Epic Records calls Franz Ferdinand the band that ushered in a new British invasion and altered the landscape of modern rock radio.
Singer Alex Kapranos might appreciate Epic's enthusiasm-after all, they're talking about his band. But he takes a bit more modest view of the impact Franz made with their 2004 self-titled debut.
"I think we did one thing," he says. "It would be great for other bands to look at what we did and see that we were four ordinary guys from a place like Glasgow that just decided to pick up guitars and play some tunes ourselves. If anything, I think some bands [could say], "If those guys can do it, then we can have a go as well.'
"And to me, the best bands always come around that way. If you look at the Beatles or the Stones or the Clash or the Buzzcocks or the Smiths or whoever-all these bands were just a bunch of guys, a bunch of friends, who enjoyed hanging around together and decided they wanted to make some tunes."
Kapranos' humility shouldn't be mistaken for a lack of ambition. He obviously believes his band has talent, and admits Franz Ferdinand does aspire to the kind of huge impact that Epic Records thinks they've already made.
"You have to want to do great things," Kapranos says. "You look up to the greatest icons and you think, "I want to do that. I want to do what Led Zeppelin did or Bowie did or the Beatles did or the Clash did. Those are people who changed rock 'n' roll as we know it. You know, I'll have a go at it as well.'
"You've got to try. You've definitely got to try."
Of course, we can't seriously put Franz Ferdinand in the same category as the Beatles or the Clash. It's possible that no modern band will ever have that sort of impact. It was the time, the place, the movement.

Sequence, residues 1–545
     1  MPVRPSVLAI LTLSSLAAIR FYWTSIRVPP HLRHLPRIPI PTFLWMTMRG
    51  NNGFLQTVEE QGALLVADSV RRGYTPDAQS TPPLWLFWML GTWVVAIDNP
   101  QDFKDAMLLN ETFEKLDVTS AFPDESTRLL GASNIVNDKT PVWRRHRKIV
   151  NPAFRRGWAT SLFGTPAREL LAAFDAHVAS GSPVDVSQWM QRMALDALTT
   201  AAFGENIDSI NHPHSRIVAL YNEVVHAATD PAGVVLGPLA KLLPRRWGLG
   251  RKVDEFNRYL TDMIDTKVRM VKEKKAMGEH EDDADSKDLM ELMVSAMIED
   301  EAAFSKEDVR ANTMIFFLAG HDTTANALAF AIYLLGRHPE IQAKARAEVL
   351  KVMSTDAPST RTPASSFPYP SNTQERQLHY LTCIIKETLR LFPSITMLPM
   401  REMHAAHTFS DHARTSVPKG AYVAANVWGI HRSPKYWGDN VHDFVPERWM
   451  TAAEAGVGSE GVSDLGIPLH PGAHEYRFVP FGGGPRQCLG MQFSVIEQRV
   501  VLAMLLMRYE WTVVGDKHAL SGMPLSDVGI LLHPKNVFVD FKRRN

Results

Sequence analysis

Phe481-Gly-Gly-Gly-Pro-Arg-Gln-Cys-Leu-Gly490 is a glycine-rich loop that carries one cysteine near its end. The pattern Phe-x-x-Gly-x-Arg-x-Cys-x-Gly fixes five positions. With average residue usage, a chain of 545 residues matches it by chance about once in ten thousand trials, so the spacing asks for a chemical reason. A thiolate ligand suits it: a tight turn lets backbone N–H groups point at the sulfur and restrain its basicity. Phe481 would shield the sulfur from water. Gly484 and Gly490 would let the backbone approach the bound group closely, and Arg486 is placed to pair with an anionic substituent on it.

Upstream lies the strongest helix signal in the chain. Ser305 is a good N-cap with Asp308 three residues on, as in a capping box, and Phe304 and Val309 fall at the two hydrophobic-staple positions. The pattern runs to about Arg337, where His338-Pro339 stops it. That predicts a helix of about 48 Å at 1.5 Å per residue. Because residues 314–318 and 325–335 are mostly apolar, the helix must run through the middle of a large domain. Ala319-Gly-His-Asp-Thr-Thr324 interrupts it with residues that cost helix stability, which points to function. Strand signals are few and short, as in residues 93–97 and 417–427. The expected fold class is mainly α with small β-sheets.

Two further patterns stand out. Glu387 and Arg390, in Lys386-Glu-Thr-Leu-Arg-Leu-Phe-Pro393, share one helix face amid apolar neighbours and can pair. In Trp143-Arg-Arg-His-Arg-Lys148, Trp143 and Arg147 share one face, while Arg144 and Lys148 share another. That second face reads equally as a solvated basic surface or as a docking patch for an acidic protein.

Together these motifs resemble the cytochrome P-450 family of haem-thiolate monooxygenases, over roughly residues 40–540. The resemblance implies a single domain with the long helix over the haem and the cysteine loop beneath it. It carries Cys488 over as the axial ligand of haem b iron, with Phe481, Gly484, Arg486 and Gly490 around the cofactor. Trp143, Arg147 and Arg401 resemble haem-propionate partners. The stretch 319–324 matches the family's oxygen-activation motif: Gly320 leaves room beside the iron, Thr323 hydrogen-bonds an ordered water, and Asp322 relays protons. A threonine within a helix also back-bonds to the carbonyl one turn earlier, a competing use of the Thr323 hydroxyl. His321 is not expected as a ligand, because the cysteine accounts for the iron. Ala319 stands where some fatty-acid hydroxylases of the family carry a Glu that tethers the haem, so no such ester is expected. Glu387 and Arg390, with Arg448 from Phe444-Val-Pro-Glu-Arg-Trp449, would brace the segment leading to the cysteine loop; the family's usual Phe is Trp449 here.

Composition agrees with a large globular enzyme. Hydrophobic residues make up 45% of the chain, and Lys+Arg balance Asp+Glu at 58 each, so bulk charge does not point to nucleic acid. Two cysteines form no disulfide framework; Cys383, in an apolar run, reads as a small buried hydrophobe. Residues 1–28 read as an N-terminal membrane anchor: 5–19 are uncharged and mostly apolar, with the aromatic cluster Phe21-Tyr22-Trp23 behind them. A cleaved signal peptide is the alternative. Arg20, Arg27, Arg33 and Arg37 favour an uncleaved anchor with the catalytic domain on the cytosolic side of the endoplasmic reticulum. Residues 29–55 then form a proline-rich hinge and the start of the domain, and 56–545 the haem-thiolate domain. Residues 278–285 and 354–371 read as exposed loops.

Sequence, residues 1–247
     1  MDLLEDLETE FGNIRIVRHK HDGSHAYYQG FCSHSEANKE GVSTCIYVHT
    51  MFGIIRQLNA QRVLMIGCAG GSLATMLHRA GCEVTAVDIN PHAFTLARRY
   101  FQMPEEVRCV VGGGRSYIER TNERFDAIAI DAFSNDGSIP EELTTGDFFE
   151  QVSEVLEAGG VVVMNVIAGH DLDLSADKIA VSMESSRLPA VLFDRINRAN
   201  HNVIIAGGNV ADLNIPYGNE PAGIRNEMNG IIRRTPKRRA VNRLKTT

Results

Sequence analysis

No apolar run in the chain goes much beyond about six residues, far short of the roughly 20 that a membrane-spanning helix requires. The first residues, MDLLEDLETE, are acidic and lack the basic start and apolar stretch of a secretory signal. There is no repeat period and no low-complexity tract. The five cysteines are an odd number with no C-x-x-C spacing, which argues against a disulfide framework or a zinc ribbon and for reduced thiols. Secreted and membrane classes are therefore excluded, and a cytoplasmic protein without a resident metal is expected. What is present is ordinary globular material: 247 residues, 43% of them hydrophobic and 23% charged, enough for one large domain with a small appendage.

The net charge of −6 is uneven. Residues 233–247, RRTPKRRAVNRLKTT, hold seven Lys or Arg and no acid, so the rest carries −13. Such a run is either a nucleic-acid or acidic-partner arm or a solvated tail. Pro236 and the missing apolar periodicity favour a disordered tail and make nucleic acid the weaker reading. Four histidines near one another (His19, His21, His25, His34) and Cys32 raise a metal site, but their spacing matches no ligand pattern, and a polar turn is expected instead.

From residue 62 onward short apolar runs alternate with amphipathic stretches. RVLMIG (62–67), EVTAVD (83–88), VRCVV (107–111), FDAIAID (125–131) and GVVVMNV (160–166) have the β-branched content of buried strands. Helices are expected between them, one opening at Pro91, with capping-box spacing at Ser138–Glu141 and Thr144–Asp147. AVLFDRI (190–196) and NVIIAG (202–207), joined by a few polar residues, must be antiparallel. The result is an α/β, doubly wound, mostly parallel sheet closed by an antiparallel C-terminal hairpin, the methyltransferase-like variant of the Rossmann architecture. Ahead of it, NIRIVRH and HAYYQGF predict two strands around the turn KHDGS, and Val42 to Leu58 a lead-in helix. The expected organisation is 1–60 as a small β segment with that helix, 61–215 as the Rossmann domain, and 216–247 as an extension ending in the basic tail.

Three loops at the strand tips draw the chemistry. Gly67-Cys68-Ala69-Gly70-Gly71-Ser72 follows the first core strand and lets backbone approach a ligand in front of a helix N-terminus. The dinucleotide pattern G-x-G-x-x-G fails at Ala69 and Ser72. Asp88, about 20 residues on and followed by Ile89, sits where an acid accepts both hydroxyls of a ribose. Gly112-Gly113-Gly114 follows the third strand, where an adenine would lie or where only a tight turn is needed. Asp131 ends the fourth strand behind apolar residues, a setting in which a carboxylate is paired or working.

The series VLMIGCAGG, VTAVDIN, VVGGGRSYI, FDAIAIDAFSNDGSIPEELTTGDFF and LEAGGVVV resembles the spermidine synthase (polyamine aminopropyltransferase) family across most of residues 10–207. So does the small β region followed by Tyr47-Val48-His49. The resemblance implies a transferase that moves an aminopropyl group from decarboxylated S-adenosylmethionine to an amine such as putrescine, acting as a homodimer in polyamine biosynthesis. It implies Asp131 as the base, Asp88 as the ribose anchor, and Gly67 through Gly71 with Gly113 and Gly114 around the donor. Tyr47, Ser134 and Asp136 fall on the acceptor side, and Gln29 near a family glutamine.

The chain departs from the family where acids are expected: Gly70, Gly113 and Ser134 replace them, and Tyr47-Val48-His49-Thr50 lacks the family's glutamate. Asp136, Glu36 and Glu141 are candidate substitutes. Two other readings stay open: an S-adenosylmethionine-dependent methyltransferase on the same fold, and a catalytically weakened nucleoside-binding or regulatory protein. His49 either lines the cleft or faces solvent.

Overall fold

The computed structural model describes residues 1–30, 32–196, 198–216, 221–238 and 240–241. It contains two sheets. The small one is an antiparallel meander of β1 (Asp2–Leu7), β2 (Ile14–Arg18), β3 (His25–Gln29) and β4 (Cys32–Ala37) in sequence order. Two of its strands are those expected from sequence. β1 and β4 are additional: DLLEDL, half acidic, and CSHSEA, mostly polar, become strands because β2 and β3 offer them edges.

But their debut album, with sales of 941,000 copies and a peak position of No. 32 on the Billboard chart, gave Franz more success in the States than virtually any other new band from the United Kingdom not named Coldplay. And all signs point to Franz Ferdinand being anything but a flash-in-the-pan story.
In approaching their new album, You Could Have It So Much Better, Kapranos and his bandmates took some necessary risks.
"For us to repeat ourselves and do the same thing again would have been appalling," Kapranos says. "We already recorded the album last time.... We've always had a sense of adventure as a band, always felt that we should be doing something new.
"There's just a subtle difference between reinventing yourself and being adventurous," he continues. "To me, the great bands were always adventurous, but they kept their own character.... That's what we want to do."
Fans of "Take Me Out"-their breakout single from their debut-will get their share of similar dance-rockers on the second album, with first single "Do You Want To," "Evil and a Heathen" and the title track adhering to that signature sound.
But two songs-"Eleanor Put Your Boots On" and "Fade Together"-bust out of the band's signature sound by employing no drums at all. Meanwhile, the synth-laced sound of "Outsiders" is unlike anything on the first CD.
"I think people are going to be surprised," Kapranos predicts. "I think that's a really good thing to be surprised and to feel that things aren't predictable and you're not going to get everything that you heard before.... If anything, we wanted to take all the different elements [of our debut] and make them more extreme, take them further than we had gone before."Franz Ferdinand plays at SDSU's Open Air Theatre, 8 p.m. on Oct. 9. $30. 619-220-8497.